My experience with choral music is quite different from most of the singers in the Utah Chamber Artists.
I do not have any college degrees in music, nor have I taken instrument lessons since childhood. I was introduced to choral music and singing through attending mass with my family as a child. We were devout Catholics who belonged to the Cathedral of St. Matthew in South Bend, IN. My mother sang in the choir for years, and eventually my interest in choral singing began to develop. At the age of 12, I requested the opportunity to join the choir, despite the fact that children were not allowed membership in the ensemble. The conductor decided to take a chance on me, and the rest is history.
Even though I did not fully understand my feelings toward music during childhood and adolescence, I later discovered that I had a deep appreciation for the ritualistic nature of music within the mass. The chants, psalms, responses, hymns, and prayers set to music were all so comforting and beautiful. I began to focus more on the music and less on what was actually going on during mass. While spending 13 years in Catholic school, studying Hebrew and Christian scriptures, the text in the Bible seemed little more than just words on a page written 2 millennia ago. But when set to music, those words came to life and filled me with a sense of peace that I seldom felt elsewhere. As I grew up, my faith in the Catholic Church faded, but my desire to sing kept calling me back to choral music and solo
performance. Music was, and is, one method I use to tap into my spirituality.
I recall one experience in college that illustrates this perfectly. It was the final performance of my collegiate career with the Ball State University Chamber Choir (in Muncie, IN). As the flagship choral ensemble for the university, we had a great sense of pride in our sound as skilled musicians and in each other as friends. During the last piece of the concert, which was my final concert before graduating, we sang “If Music Be the Food of Love,” by David Dickau. As I stood in the fourth row, on-stage in a stunningly beautiful performance hall with perfect acoustics, looking out over the audience, singing a song with such a gorgeous melody and immensely powerful lyrics, I began to feel tears welling up in my eyes. Not only because it was the last concert of my collegiate career, but also because I felt a synergy of spirituality and a connection to every person in that room. I felt more alive during that 4-minute song than I had ever felt before. Every fiber of my being was involved in creating the most beautiful sound that had ever left my body. During the last couple of measures, I felt my heart would burst out of my chest because there was so much love emanating from my soul. Over the years, I have had a couple of similar experiences, but none quite equal to the level of intensity. Every time I sing, I long to feel that synergy of spirituality and connection to the people around me.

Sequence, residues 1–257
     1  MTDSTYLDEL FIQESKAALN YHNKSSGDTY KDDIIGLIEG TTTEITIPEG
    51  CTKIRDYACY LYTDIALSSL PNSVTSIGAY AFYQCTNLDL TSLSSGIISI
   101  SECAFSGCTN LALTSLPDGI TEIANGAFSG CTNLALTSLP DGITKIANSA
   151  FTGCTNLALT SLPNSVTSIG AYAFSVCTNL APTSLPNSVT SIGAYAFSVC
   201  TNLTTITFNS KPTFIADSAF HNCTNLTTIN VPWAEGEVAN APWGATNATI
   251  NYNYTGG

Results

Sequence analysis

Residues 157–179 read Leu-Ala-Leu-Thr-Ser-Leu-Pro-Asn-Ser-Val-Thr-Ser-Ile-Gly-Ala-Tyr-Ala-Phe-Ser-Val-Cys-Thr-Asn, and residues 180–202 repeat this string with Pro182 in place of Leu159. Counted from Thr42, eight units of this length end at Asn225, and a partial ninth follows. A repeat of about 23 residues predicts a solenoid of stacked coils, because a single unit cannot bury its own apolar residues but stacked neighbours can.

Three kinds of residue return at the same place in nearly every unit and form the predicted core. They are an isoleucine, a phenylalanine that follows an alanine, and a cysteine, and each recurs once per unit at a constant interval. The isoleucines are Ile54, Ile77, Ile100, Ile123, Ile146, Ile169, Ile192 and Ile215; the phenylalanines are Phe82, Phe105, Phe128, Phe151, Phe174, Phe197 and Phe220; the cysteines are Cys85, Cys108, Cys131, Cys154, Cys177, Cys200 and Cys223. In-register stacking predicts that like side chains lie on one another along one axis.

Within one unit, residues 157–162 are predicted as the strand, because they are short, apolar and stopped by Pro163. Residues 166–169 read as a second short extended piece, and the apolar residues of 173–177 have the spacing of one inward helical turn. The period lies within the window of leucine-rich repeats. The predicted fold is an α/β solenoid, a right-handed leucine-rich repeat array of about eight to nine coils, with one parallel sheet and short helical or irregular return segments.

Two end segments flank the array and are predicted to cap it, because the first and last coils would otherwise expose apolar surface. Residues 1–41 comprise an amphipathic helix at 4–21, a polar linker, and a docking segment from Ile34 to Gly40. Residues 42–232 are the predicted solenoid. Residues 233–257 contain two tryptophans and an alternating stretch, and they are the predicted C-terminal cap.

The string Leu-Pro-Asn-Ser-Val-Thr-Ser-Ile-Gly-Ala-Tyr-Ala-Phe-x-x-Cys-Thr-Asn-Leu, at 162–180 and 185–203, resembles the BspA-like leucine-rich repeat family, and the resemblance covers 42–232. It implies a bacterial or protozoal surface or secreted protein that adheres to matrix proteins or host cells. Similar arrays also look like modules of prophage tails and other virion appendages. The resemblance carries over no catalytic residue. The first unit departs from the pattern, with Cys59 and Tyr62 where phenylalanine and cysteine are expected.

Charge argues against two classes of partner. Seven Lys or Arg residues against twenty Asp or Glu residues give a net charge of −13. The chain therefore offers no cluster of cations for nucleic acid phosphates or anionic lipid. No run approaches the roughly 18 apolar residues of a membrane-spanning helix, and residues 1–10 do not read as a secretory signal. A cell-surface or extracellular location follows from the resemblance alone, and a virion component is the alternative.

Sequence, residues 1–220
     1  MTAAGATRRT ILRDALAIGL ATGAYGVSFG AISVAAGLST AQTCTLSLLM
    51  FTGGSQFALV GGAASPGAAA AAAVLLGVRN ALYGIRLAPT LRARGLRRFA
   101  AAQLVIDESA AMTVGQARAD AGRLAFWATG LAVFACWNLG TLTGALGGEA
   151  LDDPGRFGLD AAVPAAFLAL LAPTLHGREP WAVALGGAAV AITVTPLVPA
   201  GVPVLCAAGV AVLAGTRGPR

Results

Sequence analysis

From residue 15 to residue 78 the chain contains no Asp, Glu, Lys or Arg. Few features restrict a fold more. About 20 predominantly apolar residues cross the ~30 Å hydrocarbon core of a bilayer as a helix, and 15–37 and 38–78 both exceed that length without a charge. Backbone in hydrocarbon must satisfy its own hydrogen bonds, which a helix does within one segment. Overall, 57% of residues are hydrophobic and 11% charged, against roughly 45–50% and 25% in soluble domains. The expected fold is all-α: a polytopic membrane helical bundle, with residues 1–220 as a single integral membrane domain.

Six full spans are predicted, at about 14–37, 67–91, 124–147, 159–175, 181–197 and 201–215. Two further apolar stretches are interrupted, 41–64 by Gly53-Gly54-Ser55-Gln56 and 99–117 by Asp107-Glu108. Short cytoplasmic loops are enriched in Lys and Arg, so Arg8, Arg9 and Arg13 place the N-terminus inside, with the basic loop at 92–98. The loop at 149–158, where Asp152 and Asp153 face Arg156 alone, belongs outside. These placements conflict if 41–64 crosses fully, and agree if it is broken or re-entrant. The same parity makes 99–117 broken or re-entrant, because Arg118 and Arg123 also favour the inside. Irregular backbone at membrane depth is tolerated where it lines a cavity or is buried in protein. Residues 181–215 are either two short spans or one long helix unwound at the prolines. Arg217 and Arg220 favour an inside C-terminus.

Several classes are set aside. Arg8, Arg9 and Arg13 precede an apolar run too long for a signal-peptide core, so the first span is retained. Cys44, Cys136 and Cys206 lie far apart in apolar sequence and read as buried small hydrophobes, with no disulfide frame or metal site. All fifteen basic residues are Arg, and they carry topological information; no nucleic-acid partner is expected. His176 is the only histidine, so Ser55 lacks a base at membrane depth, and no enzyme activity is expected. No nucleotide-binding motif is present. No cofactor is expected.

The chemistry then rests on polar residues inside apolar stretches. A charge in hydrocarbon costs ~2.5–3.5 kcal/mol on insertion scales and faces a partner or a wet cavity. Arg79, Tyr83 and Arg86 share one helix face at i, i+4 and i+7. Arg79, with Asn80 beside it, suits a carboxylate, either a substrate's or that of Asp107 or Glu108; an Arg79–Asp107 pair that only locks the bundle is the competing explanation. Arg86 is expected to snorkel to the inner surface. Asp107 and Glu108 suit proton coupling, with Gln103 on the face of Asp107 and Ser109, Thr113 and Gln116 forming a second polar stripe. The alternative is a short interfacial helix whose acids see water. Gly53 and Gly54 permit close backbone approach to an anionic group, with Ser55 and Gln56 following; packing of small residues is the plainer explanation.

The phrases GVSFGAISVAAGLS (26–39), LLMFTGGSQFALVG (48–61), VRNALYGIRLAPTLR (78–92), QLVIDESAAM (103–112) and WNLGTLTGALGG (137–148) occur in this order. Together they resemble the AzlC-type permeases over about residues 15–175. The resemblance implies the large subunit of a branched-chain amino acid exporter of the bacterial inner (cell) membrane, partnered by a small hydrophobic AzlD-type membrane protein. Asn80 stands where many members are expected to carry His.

Ask 100 different people why they sing and they will give you 100 different answers. For me, singing is one level of connection between me and my higher power. Performing with dozens of other singers in a choral setting, breathing together, our hearts beating as one, reminds me of our human mortality and the precious nature of life. We must appreciate each moment and every opportunity to share our gifts, and our love, with others. The current moment will never exist again, but when I sing, a moment can feel like an eternity in and of itself where I am plugged in to the consciousness of the universe and the unconditional love of my higher power. And that, my dear friends, is why I sing.